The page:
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Tag Archives: Racism

For the first time in my life, I’m frightened to be Jewish

I am 58 years old, and for the first time in my life, I am frightened to be Jewish.

We live in a time when racism is being normalized, when Nazis parade in the streets in Europe and America; Jew baiters like Hungary’s Orban are treated as respectable players on the international scene, “white nationalist” propagandist Steve Bannon can openly coordinate scare-mongering tactics with Boris Johnson in London at the same time as in Pittsburg, murderers deluded by white nationalist propaganda are literally mowing Jews down with automatic weapons. How is it, then, that our political class has come to a consensus that the greatest threat to Britain’s Jewish community is a lifelong anti-racist accused of not being assiduous enough in disciplining party members who make offensive comments on the internet?

For almost all my Jewish friends, this is what is currently creating the greatest and most immediate sense of trepidation, even more than the actual Nazis: the apparently endless campaign by politicians like Margaret Hodge, Wes Streeting, and Tom Watson to weaponize antisemitism accusations against the current leadership of the Labour party. It is a campaign – which however it started, has been sustained primarily by people who are not themselves Jewish – so cynical and irresponsible that I genuinely believe it to be a form of antisemitism in itself. And it is a clear and present danger to Jewish people.

https://www.opendemocracy.net/en/opendemocracyuk/first-time-my-life-im-frightened-be-jewish/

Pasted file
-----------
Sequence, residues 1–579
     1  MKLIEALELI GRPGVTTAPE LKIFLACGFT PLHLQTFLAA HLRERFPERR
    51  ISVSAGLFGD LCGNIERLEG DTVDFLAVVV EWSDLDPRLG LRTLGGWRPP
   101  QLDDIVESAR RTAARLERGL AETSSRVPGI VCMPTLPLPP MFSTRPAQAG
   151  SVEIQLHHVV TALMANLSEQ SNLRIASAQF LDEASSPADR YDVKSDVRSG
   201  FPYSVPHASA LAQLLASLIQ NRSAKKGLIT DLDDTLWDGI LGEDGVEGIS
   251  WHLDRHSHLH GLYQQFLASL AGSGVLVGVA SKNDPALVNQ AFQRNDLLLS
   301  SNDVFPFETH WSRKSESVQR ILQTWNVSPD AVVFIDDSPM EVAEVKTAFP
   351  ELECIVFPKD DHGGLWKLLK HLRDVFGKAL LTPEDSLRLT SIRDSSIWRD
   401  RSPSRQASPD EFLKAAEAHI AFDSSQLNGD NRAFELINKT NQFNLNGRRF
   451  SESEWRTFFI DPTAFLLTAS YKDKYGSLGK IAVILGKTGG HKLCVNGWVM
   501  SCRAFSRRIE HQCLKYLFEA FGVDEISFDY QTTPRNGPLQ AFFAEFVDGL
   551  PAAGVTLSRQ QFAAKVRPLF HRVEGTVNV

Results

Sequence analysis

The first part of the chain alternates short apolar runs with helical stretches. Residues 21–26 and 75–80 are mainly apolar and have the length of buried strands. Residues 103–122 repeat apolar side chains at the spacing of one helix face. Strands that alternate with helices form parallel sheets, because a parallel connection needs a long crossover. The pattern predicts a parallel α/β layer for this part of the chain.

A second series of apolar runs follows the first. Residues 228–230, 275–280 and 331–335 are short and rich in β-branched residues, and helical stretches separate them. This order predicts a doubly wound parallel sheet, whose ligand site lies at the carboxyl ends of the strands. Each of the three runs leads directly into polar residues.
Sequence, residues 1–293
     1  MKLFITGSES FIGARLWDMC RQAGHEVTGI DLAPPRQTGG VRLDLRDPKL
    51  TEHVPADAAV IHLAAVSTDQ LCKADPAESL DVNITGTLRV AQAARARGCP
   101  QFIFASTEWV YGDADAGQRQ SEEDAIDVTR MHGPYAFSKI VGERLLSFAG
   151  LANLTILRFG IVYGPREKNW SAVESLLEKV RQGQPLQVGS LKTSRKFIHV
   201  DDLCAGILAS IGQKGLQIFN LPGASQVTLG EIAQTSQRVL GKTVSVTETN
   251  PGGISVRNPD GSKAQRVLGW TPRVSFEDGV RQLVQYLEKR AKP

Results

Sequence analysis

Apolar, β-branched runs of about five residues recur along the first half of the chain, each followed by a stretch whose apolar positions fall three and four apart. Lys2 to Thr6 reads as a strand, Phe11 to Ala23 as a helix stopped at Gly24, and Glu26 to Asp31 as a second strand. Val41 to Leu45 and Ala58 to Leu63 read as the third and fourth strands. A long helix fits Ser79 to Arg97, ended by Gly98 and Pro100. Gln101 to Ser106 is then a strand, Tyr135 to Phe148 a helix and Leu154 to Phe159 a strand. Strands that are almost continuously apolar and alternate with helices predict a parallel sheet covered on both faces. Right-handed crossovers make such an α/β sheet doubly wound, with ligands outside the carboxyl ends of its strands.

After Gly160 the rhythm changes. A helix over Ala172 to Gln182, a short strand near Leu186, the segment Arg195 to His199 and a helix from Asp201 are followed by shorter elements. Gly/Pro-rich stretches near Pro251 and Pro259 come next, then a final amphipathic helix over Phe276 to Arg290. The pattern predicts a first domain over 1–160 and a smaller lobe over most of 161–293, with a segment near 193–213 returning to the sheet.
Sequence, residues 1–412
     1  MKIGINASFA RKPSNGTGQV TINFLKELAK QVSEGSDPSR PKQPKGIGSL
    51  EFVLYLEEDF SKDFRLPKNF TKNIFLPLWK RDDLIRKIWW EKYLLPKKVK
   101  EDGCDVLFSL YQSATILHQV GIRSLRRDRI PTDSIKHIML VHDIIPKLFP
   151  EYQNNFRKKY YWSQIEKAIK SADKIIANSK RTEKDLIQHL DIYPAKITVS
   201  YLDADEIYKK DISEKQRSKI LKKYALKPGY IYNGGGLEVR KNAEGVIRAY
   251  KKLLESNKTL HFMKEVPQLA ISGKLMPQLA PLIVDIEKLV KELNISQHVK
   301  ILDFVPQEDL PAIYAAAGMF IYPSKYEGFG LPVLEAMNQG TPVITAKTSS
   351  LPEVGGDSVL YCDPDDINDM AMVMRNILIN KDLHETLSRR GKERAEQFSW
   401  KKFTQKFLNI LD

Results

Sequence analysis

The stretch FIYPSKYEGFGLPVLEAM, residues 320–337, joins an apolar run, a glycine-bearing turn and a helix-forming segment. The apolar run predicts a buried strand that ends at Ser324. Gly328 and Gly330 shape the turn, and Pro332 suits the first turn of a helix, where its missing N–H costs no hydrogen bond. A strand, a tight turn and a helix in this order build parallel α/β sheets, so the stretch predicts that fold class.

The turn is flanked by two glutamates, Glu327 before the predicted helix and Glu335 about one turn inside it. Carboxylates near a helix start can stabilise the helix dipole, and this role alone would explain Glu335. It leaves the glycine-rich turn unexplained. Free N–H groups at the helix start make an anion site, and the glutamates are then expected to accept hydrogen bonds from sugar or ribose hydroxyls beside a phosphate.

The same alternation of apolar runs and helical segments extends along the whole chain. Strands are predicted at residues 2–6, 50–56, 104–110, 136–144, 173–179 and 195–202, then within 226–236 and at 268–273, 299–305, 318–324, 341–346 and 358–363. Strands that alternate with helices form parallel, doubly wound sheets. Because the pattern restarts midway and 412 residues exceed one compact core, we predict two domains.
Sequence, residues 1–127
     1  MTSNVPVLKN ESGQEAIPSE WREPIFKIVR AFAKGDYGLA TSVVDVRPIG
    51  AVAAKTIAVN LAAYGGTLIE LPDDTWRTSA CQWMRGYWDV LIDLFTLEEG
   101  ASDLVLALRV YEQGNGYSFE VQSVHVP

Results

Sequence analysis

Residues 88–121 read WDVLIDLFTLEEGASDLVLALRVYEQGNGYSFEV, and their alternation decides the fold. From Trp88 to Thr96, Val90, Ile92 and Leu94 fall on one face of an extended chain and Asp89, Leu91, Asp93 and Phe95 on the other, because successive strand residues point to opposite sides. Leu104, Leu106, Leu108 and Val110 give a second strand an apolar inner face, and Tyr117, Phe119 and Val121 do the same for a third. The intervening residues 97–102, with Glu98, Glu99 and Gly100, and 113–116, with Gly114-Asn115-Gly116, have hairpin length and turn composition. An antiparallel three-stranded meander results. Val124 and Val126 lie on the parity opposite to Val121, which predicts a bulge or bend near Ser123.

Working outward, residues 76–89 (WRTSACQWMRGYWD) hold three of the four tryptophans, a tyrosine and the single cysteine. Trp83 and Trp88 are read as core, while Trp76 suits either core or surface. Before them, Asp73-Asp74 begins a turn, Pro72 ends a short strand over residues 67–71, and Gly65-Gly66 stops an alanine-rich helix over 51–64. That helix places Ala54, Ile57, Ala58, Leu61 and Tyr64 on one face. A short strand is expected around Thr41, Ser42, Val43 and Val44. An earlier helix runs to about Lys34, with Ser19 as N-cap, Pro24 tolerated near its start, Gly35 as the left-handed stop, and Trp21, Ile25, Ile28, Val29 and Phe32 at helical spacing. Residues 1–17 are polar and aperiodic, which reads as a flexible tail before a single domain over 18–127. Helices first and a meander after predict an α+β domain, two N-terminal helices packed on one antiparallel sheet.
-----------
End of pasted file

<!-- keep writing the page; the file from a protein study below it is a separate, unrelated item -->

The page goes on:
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Posted by on September 12, 2019 in Europe, Uncategorized

 

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Trump Plays the Race Card. So What?

This week witnessed outrage over racism at the highest levels of government in Britain and U.S. The day after the U.S. Congress voted to condemn President Donald Trump’s attacks on four congresswomen of color, British Prime Minister Theresa May and opposition leader Jeremy Corbyn accused each other of tolerating racism in their parties.

Such moral indignation might make racism seem a taboo and Trump a pariah. But this would ignore both the insidious nature of racism and its tenacity, not to mention the hypocrisy of those ostentatiously recoiling from it.

https://www.bloomberg.com/opinion/articles/2019-07-19/donald-trump-s-send-her-back-racism-is-american-tradition

 
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Posted by on August 8, 2019 in North America

 

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The Race Card in America

Donald Trump has racialized American politics more than any US president in living memory, and many are blaming him for acts of racist violence, like the recent mass shooting in El Paso. But, given that what makes politics in the United States so complicated is the conflation of race, class, and culture, his opponents should not follow his example.

LONDON – The recent mass shooting in El Paso, Texas, carried out by a young white man who had posted a hate-filled anti-immigrant screed shortly beforehand, has called attention to US President Donald Trump’s own rhetorical affinity for white supremacy. Trump has consistently insulted Mexicans, African Americans, and other people of color. He referred to Haitian and African immigrants as coming from “shithole countries.” Last month, he told four new members of Congress, Alexandria Ocasio-Cortez, Rashida Tlaib, Ayanna Pressley, and Ilhan Omar, to “go back” to where they came from. All four Congresswomen are, of course, American citizens. All but one (Omar) were born in the United States.